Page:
When a hook has one or more filter functions attached and an event occurs that triggers the hook, windows calls the first filter function in the filter function chain. This action is known as calling the hook. For example, if a filter function is attached to the cbt hook and an event that triggers the hook occurs (for example, a window is about to be created windows calls the cbt hook by calling the first function in the filter function chain. To maintain and access filter functions, applications use the setWindowshookex and the Unhookwindowshookex functions. Hooks provide powerful capabilities for Windows-based applications. These applications can use hooks to: Process or modify all messages meant for all the dialog boxes, person message boxes, scroll bars, or menus for an application (WH_msgfilter). Process or modify all messages meant for all the dialog boxes, message boxes, scroll bars, or menus for the system (WH_sysmsgfilter).
systems. In the microsoft Windows operating system, a hook is a mechanism by which a function can intercept events (messages, mouse actions, keystrokes) before they reach an application. The function can act on events and, in some cases, modify or discard them. Functions that receive events are called filter functions and are classified according to the type of event they intercept. For example, a filter function might want to receive all keyboard or mouse events. For Windows to call a filter function, the filter function must be installed—that is, attached—to a windows hook (for example, to a keyboard hook). Attaching one or more filter functions to a hook is known as setting a hook. If a hook has more than one filter function attached, windows maintains a chain of filter functions. The most recently installed function is at the beginning of the chain, and the least recently installed function is at the end.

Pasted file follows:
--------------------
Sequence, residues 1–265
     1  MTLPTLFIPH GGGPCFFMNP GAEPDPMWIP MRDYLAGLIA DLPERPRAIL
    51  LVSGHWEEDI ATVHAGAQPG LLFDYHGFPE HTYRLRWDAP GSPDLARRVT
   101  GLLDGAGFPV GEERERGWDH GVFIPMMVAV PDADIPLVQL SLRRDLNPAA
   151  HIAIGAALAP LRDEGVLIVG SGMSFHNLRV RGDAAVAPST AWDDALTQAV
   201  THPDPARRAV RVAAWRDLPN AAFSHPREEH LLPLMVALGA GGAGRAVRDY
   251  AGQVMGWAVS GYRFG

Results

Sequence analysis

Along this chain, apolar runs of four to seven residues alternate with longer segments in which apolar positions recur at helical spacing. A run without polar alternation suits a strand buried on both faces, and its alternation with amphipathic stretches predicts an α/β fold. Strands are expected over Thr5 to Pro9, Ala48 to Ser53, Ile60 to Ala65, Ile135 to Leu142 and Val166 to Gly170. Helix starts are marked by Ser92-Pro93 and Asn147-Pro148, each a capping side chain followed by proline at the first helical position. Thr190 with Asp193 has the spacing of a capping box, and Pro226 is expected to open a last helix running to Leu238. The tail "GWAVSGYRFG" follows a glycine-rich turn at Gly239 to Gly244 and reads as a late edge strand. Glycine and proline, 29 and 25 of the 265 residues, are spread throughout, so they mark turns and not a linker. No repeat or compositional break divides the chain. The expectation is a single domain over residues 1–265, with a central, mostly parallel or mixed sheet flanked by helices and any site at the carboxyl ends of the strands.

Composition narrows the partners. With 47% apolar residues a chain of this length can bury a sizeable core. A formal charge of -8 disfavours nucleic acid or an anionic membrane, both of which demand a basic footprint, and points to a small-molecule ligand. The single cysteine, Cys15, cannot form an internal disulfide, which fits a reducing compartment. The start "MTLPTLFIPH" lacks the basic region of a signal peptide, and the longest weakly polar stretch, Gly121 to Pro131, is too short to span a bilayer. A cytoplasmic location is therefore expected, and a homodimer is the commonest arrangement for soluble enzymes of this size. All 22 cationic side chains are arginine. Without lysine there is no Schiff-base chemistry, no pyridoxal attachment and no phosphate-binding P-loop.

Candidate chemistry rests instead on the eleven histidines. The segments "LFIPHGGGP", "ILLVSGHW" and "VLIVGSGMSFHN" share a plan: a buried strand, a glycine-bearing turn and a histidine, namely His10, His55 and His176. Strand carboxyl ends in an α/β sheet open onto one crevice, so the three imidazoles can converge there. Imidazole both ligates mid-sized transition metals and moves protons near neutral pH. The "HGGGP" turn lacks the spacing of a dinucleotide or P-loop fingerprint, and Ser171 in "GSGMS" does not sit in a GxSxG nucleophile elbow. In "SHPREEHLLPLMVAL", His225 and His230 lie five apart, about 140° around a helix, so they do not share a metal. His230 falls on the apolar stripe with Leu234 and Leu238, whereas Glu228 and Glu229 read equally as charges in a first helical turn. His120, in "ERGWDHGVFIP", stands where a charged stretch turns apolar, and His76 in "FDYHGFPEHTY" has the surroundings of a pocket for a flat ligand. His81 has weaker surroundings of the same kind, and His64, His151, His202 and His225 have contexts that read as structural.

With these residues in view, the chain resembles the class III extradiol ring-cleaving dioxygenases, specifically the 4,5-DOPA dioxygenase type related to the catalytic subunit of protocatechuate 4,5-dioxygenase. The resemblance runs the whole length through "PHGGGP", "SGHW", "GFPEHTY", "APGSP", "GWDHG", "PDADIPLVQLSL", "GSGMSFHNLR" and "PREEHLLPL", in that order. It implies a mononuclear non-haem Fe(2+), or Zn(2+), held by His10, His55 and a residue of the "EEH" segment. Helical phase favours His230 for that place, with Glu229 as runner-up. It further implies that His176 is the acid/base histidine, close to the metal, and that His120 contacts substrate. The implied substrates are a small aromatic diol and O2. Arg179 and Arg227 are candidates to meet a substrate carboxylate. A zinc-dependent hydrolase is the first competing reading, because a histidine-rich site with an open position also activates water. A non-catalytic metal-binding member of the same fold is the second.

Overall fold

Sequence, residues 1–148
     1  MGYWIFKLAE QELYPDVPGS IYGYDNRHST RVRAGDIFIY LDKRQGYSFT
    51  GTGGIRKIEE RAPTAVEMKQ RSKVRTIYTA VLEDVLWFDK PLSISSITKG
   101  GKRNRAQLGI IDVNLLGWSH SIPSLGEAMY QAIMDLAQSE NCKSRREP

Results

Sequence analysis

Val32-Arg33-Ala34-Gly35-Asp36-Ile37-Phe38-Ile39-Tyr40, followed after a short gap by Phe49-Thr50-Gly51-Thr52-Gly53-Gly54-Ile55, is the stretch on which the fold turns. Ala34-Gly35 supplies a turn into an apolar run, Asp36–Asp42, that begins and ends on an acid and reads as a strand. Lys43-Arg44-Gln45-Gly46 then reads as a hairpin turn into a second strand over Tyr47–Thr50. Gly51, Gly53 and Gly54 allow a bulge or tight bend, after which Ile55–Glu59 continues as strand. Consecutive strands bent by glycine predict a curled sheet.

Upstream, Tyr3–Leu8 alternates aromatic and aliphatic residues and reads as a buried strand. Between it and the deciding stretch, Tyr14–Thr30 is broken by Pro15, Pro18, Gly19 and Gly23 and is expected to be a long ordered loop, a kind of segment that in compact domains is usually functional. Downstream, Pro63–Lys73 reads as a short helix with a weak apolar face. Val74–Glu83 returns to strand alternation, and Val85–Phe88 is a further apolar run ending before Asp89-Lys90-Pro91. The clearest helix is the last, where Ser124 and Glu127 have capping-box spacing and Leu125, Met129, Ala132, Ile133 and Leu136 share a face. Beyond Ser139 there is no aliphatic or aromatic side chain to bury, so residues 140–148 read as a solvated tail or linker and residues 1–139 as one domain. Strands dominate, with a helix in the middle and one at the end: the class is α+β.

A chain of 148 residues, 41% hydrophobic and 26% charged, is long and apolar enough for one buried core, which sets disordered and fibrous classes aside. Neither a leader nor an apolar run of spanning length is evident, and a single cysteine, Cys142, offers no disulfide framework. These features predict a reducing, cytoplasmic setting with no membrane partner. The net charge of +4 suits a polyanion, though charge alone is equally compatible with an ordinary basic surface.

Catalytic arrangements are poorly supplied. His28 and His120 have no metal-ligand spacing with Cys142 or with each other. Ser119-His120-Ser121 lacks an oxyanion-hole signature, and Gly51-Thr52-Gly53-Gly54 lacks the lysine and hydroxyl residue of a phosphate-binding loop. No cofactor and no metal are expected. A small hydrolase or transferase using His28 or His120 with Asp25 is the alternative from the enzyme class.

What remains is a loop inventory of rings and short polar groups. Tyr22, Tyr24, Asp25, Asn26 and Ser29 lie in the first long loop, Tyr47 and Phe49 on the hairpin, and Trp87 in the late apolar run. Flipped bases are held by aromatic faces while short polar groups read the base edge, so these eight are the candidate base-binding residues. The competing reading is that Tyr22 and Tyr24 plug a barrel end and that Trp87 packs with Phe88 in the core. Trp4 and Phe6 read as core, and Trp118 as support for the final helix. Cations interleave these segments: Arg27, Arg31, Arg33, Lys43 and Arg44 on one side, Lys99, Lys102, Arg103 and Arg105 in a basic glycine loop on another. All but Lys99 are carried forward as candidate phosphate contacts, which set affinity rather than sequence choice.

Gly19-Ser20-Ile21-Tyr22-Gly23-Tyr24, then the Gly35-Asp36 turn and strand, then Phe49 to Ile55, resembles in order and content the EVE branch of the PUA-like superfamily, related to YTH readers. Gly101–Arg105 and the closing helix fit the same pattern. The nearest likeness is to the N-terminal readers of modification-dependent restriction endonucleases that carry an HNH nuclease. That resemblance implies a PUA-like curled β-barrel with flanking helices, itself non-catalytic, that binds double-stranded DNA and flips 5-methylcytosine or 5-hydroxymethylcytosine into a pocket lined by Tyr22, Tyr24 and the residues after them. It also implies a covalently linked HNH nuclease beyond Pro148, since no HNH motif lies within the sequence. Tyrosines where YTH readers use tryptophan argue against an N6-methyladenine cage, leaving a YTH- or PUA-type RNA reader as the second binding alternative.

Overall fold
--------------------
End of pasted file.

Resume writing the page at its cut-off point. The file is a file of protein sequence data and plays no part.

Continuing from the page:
Microsoft developer Network technology Group, created: July 29, 1993, revised: February 1994. Added exception for journal hooks in write "Filter functions in dlls" section. Exe file to where filters can reside in "WH_journalrecord" and "WH_journalplayback" sections. Changed hiword and loword to hibyte and lobyte in "HC_action" section. Click to open or copy the files in the hooks sample application. Abstract, this article describes hooks and their use in the microsoft Win32 application programming interface (API). It discusses hook functions, filter functions, and the following types of hooks: WH_callwndproc, wH_cbt, wH_debug, wH_foregroundidle, wH_getmessage, wH_journalplayback.